Baseball Card Sets
Browse our database of Baseball Card Products which features set checklists, product highlights, expert analysis, reviews, price comparisons on boxes and great deals on hot baseball card singles.
- 1887-1929 Baseball Cards
- 1930-1939 Baseball Cards
- 1940-1949 Baseball Cards
- 1950-1959 Baseball Cards
- 1960-1969 Baseball Cards
- 1970-1979 Baseball Cards
- 1980-1989 Baseball Cards
- 1990-1999 Baseball Cards
- 2000 Baseball Cards
- 2001 Baseball Cards
- 2002 Baseball Cards
- 2003 Baseball Cards
- 2004 Baseball Cards
- 2005 Baseball Cards
- 2006 Baseball Cards
- 2007 Baseball Cards
- 2008 Baseball Cards
- 2009 Baseball Cards
- 2010 Baseball Cards
- 2011 Baseball Cards
- 2012 Baseball Cards
- 2013 Baseball Cards
- 2014 Baseball Cards
Promising the first MLB-licensed cards of 2012 draft picks, 2012 Bowman Draft Picks and Prospects Baseball is loaded with potential future stars. Hobby boxes promise one Bowman Chrome Autograph while jumbo boxes have three. Several Refractor parallels also help fuel the chase.
2012 Panini Signature Series Baseball is all about the autograph. Every six-card box comes with three autograph cards. The release has a variety of autograph inserts from both current stars and retired legends.
2012 Leaf Memories Baseball celebrates the landmark 1990 Leaf Baseball set. Highlights include stamped buybacks and autographed buybacks from many of the original set’s top players and rare signers.
2012 Leaf Ultimate Draft is another prospect-driven all-autograph release. Focusing on top picks and international prospects, signers include Carlos Correa, Byron Buxton and Jorge Soler. Leaf is promising their lowest print run to date for a baseball product.
Living up to the brand’s history, 2012 Playoff Prime Cuts Baseball is all about the hits. Every card in the release is either an autograph or memorabilia card. Subjects include Hall of Famers, retired favorites, current stars and members of the USA Baseball National Collegiate Team.
Every card in 2012 Topps Five Star Baseball is a major hit. Single-pack boxes come with an autograph from both an active and retired star, an autographed relic, another autograph or autographed book card, and a jumbo relic. What really sets the release apart is that the vast majority of signers are from big-time stars.
1971 Topps Greatest Moments Baseball is one of the most popular — and expensive — oddball issues of the modern era. The 55-card set is rare and extremely condition sensitive.
Notable for its tough black borders, 1985 Donruss Baseball is led by Roger Clemens and Kirby Puckett. The set features the company’s standard mix of cards, including Diamond Kings and Rated Rookies.
It may no longer be as valuable as it once was, but 1990 Upper Deck Baseball is still one of the hobby’s most attractive sets. It’s also important for introducing the concept of pack-inserted autographs to the modern hobby.
Highlighted by one of the best autograph checklists ever for a baseball card set, 2000 Fleer Greats of the Game Baseball looks to the game’s past. The set is also notable for having one of the first Mickey Mantle memorabilia cards.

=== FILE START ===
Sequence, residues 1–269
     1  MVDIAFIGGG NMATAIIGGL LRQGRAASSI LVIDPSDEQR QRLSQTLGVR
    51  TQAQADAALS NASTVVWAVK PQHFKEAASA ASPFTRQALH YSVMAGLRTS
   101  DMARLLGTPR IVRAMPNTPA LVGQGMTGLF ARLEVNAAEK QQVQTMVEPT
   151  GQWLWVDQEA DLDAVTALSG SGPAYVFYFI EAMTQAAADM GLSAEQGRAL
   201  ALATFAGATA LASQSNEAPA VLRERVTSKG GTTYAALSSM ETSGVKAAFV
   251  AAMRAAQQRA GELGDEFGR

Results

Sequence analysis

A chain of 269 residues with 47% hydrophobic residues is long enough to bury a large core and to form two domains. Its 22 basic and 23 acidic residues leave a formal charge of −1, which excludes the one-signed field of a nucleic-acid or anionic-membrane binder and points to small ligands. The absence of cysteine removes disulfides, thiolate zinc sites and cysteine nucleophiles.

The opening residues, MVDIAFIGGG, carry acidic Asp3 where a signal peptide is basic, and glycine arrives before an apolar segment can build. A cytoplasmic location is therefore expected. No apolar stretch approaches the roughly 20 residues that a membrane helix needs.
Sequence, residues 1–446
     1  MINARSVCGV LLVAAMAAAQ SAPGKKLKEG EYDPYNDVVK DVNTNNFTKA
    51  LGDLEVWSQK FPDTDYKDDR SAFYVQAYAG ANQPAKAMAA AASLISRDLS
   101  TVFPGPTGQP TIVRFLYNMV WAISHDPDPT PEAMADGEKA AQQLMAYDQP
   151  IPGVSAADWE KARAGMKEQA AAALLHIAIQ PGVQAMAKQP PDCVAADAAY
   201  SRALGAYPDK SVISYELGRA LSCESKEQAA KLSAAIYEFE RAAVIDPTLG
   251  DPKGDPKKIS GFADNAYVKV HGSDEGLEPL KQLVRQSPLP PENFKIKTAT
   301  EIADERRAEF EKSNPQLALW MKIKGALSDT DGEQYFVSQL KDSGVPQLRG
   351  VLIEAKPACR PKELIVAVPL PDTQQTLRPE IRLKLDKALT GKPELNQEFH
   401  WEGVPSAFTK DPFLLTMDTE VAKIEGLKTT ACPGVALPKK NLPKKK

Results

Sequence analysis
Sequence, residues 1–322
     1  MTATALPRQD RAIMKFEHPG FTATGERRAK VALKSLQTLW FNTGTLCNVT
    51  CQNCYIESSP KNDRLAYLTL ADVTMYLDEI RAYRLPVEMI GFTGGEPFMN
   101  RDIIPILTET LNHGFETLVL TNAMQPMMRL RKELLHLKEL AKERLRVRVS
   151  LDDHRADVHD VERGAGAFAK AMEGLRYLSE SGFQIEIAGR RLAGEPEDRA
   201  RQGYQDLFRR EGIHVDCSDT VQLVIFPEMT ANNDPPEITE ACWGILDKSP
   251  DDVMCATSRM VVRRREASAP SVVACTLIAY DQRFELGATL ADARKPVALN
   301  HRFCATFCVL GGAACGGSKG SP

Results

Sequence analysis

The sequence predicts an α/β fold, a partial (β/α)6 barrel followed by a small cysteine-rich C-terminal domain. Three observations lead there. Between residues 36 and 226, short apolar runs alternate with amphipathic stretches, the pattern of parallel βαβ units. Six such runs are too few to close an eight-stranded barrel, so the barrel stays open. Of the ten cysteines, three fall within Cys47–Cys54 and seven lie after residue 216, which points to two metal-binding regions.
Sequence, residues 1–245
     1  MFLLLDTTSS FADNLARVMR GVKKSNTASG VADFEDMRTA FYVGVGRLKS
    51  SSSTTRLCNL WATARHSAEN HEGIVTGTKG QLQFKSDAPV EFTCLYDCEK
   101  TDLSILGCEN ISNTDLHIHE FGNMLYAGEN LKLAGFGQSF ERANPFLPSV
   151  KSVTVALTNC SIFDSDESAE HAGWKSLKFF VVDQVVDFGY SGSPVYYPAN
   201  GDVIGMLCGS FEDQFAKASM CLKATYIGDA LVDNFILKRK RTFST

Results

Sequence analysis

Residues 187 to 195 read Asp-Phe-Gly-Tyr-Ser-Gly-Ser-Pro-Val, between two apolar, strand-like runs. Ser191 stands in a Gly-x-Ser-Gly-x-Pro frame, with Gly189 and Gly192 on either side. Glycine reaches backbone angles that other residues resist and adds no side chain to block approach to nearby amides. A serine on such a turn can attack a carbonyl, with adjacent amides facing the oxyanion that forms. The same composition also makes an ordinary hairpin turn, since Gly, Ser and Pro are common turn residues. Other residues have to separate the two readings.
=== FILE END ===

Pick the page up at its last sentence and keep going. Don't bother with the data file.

2012 Panini USA Baseball highlights every member of the 15U, 18U and Collegiate National Teams. Every 75-card box set comes with seven autographs and two memorabilia cards.
1982 Donruss Baseball saw the brand start to take on more of a distinct identity. The set features the debut of the Diamond Kings subset as well as puzzle inserts. The checklist is highlighted by the Cal Ripken Jr. rookie card.
One of the rarest mainstream sets of the decade, 1984 Fleer Update Baseball includes some of the first cards of Roger Clemens, Kirby Puckett and Dwight Gooden.
An oddball classic, 1970 Kellogg’s Baseball was the first full baseball card set from the cereal maker. Still popular today, the cards have a distinct 3-D look. The 75-card checklist includes Willie Mays, Roberto Clemente and a second-year Reggie Jackson.
Once the hottest set in the hobby, 1995 Bowman’s Best Baseball features iconic rookie cards of Andruw Jones and Vladimir Guerrero. While neither both cards have fallen in recent years, the set is still one of the era’s best.
1983 Donruss Baseball is led by a trio of Hall of Famer rookie cards: Tony Gwynn, Ryne Sandberg and Wade Boggs. Heavily influenced by the previous year’s design, the set also marks the second installment of the iconic Diamond Kings subset.
Offered originally as an online exclusive, 2012 Topps Heritage High Number Baseball compliments the early-season release with traded players and rookies. Limited to 1,000 sets, each comes with 100 base cards and one autograph.
One of the most popular sets of the decade, 1984 Donruss Baseball includes the iconic Don Mattingly rookie card. Other rookies include Joe Carter, Andy Van Slyke and Tony Fernandez.
2001 SPx Baseball includes autographed rookie cards from two of the game’s all-time greats — Ichiro Suzuki and Albert Pujols. The multi-tiered set includes tons of numbered rookies, autographs and jersey cards.
2012 Bowman Chrome Baseball sticks with the formula that made it one of the hobby’s most popular sets. Collectors can expect lots of rookies, prospects, Refractors and a growing number of autographs.